490 priests later: A rector reflects on forming good men

Msgr. Checchio (CNS/Robert Duncan)

Msgr. Checchio (CNS/Robert Duncan)

By Robert Duncan
Catholic News Service

ROME (CNS) — The addition of a $7 million, 10-story building was the most visible change at the Pontifical North American College during Msgr. James F. Checchio’s tenure as rector. But more than the concrete and glass legacy, the monsignor takes satisfaction in having shepherded hundreds of men toward the priesthood.

Since 2005, when Msgr. Checchio was appointed rector of the U.S. seminary in Rome, 490 of his students became priests. Msgr. Checchio also oversaw the largest class sizes the college has enrolled since the late 1960s and, for the past five years, a full house of about 250 men.

“Their enthusiasm is contagious,” Msgr. Checchio told Catholic News Service. “They really are just very enthusiastic young men; sure, idealistic, and they should be.”

The men, he said, give him hope for the church’s future. “They are such good, strong men ready to go do the work of evangelization and care for souls.”

“It’s hard to walk away from that,” Msgr. Checchio said.

The NAC, as it is called by the seminarians who live there, had “just turned 50” when he arrived in 2003 as vice-rector. He returns to the United States Jan. 30, finishing a 10-year stint at the helm.

Pope Francis visited the college last May, making it the only national seminary in Rome he has visited, the monsignor said.

The NAC formation program has as one of its top priorities the development of what Msgr. Checchio terms “friendship with Christ.” It is an emphasis that found a receptive audience with Pope Francis.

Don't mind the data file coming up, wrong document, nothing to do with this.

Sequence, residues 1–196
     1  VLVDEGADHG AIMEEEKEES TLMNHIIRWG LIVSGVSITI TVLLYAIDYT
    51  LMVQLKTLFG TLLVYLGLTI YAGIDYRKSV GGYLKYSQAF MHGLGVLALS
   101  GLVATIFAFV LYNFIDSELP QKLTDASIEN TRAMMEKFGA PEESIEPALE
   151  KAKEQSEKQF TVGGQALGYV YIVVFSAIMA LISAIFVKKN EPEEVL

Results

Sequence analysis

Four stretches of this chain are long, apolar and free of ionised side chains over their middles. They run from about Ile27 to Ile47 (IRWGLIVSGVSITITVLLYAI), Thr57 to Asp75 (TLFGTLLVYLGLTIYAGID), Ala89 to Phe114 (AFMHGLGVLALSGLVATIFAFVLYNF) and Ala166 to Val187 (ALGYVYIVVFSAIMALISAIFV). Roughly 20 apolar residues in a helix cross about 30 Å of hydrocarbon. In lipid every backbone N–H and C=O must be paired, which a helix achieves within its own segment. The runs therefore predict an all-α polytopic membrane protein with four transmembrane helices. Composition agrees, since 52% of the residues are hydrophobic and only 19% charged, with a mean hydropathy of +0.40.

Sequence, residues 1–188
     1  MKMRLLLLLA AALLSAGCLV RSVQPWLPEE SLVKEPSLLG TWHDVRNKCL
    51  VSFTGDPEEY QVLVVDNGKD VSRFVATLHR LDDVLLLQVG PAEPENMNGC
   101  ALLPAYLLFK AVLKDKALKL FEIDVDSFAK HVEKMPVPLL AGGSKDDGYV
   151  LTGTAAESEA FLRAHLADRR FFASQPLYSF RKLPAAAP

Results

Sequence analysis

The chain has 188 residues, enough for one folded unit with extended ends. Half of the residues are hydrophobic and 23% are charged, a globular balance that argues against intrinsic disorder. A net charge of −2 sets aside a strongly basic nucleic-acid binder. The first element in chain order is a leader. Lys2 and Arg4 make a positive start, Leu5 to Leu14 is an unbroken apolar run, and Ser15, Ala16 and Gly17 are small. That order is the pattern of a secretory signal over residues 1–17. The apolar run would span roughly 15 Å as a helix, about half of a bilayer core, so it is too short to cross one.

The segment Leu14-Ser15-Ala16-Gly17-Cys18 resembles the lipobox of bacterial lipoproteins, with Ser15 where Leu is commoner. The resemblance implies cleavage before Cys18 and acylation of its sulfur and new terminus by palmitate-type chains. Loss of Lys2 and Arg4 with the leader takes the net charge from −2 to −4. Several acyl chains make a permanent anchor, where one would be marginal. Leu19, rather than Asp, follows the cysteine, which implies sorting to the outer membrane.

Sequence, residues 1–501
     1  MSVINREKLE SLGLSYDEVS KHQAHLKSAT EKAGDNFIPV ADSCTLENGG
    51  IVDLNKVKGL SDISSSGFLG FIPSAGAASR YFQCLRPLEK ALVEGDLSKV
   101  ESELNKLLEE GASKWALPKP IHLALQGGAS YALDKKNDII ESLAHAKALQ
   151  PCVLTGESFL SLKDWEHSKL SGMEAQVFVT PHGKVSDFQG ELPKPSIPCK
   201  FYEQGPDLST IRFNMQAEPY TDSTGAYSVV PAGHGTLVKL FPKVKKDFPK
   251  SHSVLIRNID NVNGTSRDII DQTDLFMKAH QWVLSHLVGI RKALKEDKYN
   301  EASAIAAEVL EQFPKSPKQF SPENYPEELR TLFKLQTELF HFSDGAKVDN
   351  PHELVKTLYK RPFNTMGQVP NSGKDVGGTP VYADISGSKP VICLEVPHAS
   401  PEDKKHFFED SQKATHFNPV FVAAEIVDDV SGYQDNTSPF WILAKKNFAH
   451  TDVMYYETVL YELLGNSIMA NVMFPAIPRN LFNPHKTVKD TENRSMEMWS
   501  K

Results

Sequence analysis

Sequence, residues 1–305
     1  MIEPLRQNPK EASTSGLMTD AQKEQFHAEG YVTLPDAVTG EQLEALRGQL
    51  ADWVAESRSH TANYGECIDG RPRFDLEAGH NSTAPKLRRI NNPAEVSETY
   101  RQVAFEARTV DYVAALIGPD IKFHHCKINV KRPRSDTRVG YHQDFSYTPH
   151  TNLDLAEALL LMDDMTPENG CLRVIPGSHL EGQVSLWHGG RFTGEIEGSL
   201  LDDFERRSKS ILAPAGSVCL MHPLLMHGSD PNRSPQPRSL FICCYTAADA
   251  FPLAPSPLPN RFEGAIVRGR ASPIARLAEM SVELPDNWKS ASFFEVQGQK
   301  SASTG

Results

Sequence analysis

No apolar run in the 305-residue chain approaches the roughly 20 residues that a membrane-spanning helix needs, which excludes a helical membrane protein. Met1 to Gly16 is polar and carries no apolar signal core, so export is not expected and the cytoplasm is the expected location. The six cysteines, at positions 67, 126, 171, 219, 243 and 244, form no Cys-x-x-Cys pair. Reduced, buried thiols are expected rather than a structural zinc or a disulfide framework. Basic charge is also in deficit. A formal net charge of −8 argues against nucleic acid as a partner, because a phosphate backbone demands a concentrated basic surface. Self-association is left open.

Reflecting on a private meeting he had with the pontiff, a former Jesuit novice master, Msgr. Checchio said, “He had good keen insights. He asked, ‘What do you do? How do you do it? There’s a lot of men, how do you take care of them?”

“The big emphasis that he had was on fraternal, communal life,” Msgr. Checchio said. “He said that’s where they learn; how they interact with one another here, and their sense of serving one another here is going to be how they dispose themselves later.

“Though the program at the NAC is rigorous, “there’s no cookie-cutter ‘Checchio seminarian,'” the outgoing rector said.

Having done his own seminary studies at the NAC from the late ’80s to early ’90s, Msgr. Checchio said a lot has changed at the college in the past 20 years.

Following the clerical sex abuse crisis, the college required men to have a psychological evaluation before coming to Rome and there is now a staff psychologist on the college premises.

“The scandals that the priesthood experienced have made them (seminarians) step back,” he said. “They are ashamed by it, number one, as we all are, but they also want to make sure they are formed the best they can be going forward.

“New tests and evaluations are not the only changes, however. Msgr. Checchio said the seminarians are different, too.

The seminarians today are “much more open and transparent, docile than we were, much more prayerful, too; they take the development of their spiritual life very seriously, their love for the poor. They are really exceptional,” he said.

The advice Msgr. Checchio leaves for his successor: “Pray well, find good collaborators and love the men.

“The Catholic Church “gives us this assignment to love the men and to accompany them on this road to priesthood,” he said.

“They are very good, generous young men that have come forward, and so how do we best accompany them, giving them all that they need?” Msgr. Checchio said.

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